Takeda is walking away from orteronel, its most advanced oncology candidate, after the prostate cancer treatment failed to significantly improve overall survival in two studies, a setback for the company's in-transition Millennium unit.
The drug, formerly known as TAK-700, was the nearest to approval among Millennium's three Phase III oncology treatments, an oral therapy the company hoped could contend in the crowded market for prostate cancer drugs. But two late-stage misses have scuttled those plans, Takeda said, as orteronel failed to meet the co-primary endpoint of overall survival in one study and flunked on OS in an interim analysis of a second.
Those results likely would have made securing FDA approval a tough task, but they would almost certainly have made it difficult for Takeda to crack the cluttered market for prostate cancer treatments. Johnson & Johnson ($JNJ) leads the way with the oral Zytiga, which brought in $1.7 billion last year, while Astellas and partner Medivation ($MDVN) are gaining momentum with Xtandi, and Bayer may have a blockbuster on its hands with the recently approved Xofigo.
That competition leaves little room for orteronel, Takeda said.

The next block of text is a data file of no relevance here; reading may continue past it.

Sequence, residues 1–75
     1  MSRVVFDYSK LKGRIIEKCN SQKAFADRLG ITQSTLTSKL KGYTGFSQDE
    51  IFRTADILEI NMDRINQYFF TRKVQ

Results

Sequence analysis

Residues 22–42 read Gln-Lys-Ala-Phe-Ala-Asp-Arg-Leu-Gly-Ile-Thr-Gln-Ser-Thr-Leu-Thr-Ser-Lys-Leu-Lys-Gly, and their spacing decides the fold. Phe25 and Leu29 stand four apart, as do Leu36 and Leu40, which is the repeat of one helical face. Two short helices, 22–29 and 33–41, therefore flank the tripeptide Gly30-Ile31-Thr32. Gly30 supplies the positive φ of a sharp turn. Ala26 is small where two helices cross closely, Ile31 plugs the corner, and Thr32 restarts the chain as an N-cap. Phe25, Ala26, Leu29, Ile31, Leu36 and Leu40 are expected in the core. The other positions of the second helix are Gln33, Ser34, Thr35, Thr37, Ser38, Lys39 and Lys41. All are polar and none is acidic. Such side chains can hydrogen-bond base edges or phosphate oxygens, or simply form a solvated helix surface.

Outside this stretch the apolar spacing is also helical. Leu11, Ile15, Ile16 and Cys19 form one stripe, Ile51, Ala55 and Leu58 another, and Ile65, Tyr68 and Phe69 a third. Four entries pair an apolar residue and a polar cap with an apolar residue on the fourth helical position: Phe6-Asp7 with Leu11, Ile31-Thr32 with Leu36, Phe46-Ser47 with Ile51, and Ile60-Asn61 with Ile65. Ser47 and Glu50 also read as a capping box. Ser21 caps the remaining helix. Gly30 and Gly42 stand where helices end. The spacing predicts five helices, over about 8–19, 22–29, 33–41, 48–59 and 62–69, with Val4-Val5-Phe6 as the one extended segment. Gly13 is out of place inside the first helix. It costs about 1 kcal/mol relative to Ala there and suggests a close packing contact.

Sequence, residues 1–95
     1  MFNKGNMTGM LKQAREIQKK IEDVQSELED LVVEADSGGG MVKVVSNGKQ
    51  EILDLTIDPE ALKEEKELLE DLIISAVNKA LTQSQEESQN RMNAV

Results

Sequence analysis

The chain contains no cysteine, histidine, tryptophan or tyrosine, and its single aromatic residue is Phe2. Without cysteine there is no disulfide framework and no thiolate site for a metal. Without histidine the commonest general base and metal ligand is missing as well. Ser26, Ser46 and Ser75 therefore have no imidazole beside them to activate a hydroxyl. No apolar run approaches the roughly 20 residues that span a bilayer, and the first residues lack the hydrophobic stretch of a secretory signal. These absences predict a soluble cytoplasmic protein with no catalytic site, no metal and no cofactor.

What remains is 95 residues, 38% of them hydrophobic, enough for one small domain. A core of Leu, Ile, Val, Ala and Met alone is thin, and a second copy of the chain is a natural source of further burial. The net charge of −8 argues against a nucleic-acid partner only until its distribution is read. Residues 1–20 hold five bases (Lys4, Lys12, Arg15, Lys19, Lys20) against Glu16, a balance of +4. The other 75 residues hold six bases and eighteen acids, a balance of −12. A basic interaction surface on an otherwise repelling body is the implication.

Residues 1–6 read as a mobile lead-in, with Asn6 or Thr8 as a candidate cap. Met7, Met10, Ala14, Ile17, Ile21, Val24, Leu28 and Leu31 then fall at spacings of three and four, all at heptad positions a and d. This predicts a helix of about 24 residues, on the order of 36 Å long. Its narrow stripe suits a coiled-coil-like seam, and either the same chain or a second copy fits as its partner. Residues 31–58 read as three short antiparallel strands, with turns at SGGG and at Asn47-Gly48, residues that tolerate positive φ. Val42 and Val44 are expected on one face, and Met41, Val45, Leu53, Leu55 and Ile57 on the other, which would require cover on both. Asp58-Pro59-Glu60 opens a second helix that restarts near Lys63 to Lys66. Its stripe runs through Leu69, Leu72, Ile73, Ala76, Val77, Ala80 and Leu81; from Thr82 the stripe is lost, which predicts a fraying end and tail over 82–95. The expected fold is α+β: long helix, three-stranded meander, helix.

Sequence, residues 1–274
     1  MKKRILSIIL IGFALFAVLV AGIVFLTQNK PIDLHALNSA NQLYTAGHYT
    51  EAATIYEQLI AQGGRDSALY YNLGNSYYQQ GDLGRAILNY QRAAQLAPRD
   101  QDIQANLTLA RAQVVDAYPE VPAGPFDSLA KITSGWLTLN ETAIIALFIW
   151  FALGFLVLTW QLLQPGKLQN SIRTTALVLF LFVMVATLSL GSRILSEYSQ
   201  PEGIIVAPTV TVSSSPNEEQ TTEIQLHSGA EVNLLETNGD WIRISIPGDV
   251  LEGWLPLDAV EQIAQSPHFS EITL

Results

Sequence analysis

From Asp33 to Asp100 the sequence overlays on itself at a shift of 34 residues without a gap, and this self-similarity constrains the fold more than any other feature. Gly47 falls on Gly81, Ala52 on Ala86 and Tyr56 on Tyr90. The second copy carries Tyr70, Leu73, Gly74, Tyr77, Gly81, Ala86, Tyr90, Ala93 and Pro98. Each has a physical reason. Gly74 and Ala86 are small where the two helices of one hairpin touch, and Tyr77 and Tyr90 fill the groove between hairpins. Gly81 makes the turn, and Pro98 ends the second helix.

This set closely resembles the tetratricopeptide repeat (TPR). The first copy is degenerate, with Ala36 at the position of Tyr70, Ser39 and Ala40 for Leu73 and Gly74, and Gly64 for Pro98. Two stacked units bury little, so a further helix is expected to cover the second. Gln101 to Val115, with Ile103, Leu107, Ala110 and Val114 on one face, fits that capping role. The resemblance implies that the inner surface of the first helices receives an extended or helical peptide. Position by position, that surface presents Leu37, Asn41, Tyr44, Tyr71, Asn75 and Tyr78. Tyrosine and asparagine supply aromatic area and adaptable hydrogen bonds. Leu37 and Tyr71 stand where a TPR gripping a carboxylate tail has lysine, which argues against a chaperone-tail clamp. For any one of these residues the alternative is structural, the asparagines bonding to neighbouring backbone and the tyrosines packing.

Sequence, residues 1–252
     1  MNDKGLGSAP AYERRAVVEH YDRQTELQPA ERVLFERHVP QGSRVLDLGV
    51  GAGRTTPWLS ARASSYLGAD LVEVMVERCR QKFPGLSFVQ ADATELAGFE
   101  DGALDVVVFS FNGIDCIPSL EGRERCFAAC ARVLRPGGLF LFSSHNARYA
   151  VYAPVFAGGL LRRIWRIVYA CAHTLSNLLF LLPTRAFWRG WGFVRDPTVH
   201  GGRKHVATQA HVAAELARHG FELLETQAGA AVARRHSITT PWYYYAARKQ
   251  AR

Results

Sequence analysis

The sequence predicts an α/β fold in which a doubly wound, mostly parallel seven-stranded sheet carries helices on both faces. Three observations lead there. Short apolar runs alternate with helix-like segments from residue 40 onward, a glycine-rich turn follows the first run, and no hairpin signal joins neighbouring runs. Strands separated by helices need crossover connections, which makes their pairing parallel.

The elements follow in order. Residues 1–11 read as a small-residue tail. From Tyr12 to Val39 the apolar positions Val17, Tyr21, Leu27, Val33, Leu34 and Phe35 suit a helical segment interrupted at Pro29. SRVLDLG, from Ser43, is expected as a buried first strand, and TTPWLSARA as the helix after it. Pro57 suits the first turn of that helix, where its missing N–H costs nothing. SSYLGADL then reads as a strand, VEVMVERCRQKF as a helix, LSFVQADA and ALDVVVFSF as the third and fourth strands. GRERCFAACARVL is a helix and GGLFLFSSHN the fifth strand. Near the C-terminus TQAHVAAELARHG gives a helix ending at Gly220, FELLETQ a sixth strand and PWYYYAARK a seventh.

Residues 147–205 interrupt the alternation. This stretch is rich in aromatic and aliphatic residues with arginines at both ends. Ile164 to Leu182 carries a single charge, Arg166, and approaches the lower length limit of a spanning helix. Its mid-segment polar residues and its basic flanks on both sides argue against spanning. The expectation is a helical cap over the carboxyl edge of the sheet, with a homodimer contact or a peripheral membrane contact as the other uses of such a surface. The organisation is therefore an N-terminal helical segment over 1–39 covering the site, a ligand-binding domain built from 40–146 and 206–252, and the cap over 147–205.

"After careful consideration of the data from these trials, the company has determined that the drug has not demonstrated a clinical profile sufficient to move forward" in metastatic, castration-resistant prostate cancer, the company said, "given the availability of other therapies."
The termination also thins out Millennium's late-stage pipeline, now limited to ixazomib (MLN9708), a multiple myeloma treatment designed to succeed the company's blockbuster Velcade; and alisertib (MLN8237), in Phase III trials for peripheral T cell lymphoma.
Takeda is still in the midst of a sweeping reorganization of the cancer specialist it bought for $8.8 billion back in 2008. Last summer, Millennium CEO Deborah Dunsire stepped down and Takeda began trimming jobs and refocusing its oncology R&D efforts.
- read the statement